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Re: Undefined names, Caudipteryx
From: David Marjanovic <email@example.com>
Subject: Re: Undefined names, Caudipteryx
Date: Sat, 21 Jun 2003 20:52:46 +0200 (MEST)
(Wow. My 5th mail today...)
> > -- And under Linnaean taxonomy there _is_ a need for that name,
> Well,that's to put everything in convenient,easy-to-work-with ''boxes.''
> It just doesn't work to have all kinds of taxa just hanging around in a
> phylogeny in a way like this:
Of course it does (for me :-) ). What you present below isn't a phylogeny
(and then the monophyly of Gruiformes is in discussion...).
> Order Gruiformes
> oh yeah and then we got Aramus,Rhynochetos & Eurypygia wich can't be
> more properly placed in families,because these would be monotypical.
> Doesn't work easy for me.
In a list as above, it does look clumsy. But in a cladogram, I think this
looks much better than
because it conveys more information (even if only about the "size" =
contents of Aramidae).
Maybe,but you shouldn't forget that everyday people don't work with
cladistics and if you have to put something like phylogeny in a book for the
masses it's much more comprehensible if everything's placed in ''niveaus''
of the same importance to avoid that people might wonder why some species
seem to have a far greater importance or status then other species.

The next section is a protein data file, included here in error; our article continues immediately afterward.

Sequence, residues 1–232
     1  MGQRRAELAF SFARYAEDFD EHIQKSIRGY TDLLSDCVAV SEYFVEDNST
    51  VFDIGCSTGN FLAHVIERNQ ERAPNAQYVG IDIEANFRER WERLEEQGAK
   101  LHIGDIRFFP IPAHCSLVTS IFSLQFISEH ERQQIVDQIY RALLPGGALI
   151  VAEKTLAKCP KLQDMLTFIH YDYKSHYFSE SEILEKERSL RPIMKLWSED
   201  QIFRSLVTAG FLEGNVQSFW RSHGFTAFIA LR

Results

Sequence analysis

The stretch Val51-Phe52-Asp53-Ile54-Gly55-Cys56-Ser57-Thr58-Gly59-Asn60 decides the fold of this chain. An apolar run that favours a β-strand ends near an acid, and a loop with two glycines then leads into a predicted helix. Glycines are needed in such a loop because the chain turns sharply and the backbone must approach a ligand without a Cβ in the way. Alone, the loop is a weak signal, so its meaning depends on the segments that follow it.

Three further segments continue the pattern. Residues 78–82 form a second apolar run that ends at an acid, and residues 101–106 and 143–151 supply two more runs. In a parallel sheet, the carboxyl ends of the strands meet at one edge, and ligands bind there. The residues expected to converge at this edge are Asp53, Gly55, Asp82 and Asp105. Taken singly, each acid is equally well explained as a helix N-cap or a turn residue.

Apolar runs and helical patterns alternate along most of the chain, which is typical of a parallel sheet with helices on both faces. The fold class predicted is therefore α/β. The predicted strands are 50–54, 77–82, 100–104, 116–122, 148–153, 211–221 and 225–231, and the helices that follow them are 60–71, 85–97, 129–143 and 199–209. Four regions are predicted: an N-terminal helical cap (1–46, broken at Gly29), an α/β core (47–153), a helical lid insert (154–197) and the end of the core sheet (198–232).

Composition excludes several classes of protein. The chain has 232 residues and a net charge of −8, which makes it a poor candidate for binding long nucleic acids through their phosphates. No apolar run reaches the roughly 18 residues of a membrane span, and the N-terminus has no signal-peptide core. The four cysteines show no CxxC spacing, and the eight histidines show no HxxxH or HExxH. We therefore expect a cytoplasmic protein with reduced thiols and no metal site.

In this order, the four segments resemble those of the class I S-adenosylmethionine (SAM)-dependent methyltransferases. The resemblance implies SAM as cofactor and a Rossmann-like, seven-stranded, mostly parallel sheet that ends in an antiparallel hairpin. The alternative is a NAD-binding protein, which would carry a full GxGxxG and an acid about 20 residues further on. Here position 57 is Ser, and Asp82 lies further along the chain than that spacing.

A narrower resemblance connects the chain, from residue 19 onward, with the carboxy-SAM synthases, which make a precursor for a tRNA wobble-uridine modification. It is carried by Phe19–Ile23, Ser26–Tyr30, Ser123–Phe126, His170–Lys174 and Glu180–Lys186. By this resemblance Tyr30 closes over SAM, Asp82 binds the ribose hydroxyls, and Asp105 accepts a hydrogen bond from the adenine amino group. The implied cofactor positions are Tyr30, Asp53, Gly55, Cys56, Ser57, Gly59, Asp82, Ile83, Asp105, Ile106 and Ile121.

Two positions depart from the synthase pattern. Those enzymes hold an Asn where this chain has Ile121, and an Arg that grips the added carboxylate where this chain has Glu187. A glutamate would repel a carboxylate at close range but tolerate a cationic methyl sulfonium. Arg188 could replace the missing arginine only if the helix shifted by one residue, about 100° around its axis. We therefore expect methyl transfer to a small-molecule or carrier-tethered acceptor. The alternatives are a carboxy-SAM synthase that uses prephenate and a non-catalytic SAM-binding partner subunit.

> Furthermore,Rhynochetidae,Eurypigidae & Aramidae aren't the
> same at all as their respective species,wich happen to count only one
> each,because all three families include fossil members as well that
> obviously aren't part of the living species.
Oh, I wasn't talking of such cases. I agree the 3 aren't monotypic just
because only one species each survives. (Though... what known extinct
rhynochetid is there? And what psophiids are there except *Psophia*? Real
questions, not rhetorical ones.)
Well there is this subfossil kagu,though I don't remember it's name as a
species.Furthermore,some include the extinct New Zealand adzebill (Aptornis
(or Apterornis)) in Rhynochetidae as well.
As for Psophia,I believe no fossil ones have ever been described,but they
must have existed obviously!
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